After shocking reports of an investigation being led by Governor Ralph Northam and other Democratic leadership, Virginia Military Institute superintendent J.H. Binford Peay III resigned in protest this afternoon in response.

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Retired Army Gen. J.H. Binford Peay III tendered his resignation Monday, and the Board of Visitors accepted it “with deep regret,” board President John William Boland said in a statement.

“It has been the honor of my life to be the Superintendent of VMI for over seventeen years,” Peay said in his resignation letter, describing how Democratic Gov. Ralph Northam and certain legislative leaders “lost confidence in my leadership.”

The so-called investigation was launched after a Washington Post hit piece describing the Virginia Military Institute as a bastion and hive of institutional racism.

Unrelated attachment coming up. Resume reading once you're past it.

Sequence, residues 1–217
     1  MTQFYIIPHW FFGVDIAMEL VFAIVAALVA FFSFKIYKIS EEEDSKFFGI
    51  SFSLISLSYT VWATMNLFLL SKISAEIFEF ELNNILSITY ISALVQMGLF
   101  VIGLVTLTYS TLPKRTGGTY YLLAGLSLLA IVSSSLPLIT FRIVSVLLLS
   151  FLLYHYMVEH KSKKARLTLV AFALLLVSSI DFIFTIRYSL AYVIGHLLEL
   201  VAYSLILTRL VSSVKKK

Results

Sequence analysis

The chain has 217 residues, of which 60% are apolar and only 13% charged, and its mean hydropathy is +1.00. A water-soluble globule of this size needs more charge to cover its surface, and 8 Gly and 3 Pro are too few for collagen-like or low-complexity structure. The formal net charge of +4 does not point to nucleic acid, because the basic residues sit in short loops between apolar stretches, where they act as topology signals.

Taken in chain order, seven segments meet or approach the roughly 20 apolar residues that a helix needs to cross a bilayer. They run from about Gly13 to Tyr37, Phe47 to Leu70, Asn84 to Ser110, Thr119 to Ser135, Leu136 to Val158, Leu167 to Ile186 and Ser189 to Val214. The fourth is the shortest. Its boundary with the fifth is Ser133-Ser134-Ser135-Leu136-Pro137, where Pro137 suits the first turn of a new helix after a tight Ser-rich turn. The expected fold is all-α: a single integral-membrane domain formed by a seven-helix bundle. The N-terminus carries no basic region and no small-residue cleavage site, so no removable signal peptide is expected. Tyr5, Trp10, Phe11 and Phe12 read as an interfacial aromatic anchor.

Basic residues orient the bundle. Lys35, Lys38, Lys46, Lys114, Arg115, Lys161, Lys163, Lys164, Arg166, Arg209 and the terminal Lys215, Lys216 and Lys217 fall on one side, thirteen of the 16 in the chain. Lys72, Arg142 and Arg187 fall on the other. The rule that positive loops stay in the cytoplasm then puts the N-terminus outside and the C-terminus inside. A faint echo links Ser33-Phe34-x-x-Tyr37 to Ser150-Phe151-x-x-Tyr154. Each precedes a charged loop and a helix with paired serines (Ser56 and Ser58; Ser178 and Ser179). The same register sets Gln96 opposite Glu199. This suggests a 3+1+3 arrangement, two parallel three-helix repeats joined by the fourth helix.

From the outset, Boland was quite clear that “institutional racism” did not exist at VMI, and defended the honor of the institution in clear, unambiguous terms:

In response to the allegations, Boland wrote in a letter last week that the school would welcome a review and pledged its full cooperation; “However, systemic racism does not exist here and a fair and independent review will find that to be true.”

Boland wrote that several of the incidents detailed in the Post’s story were many years old and that they “had more to do with an individual’s lapse of judgment than they do with the culture of the Institute.”

Thus far, the allegations of racism at VMI have yet to be independently verified.  Yet Democratic lawmakers have pounced at the opportunity to brand VMI — long a bastion of tradition in Virginia circles — as a hive of racism, Southern sentimentality and backward notions of honor.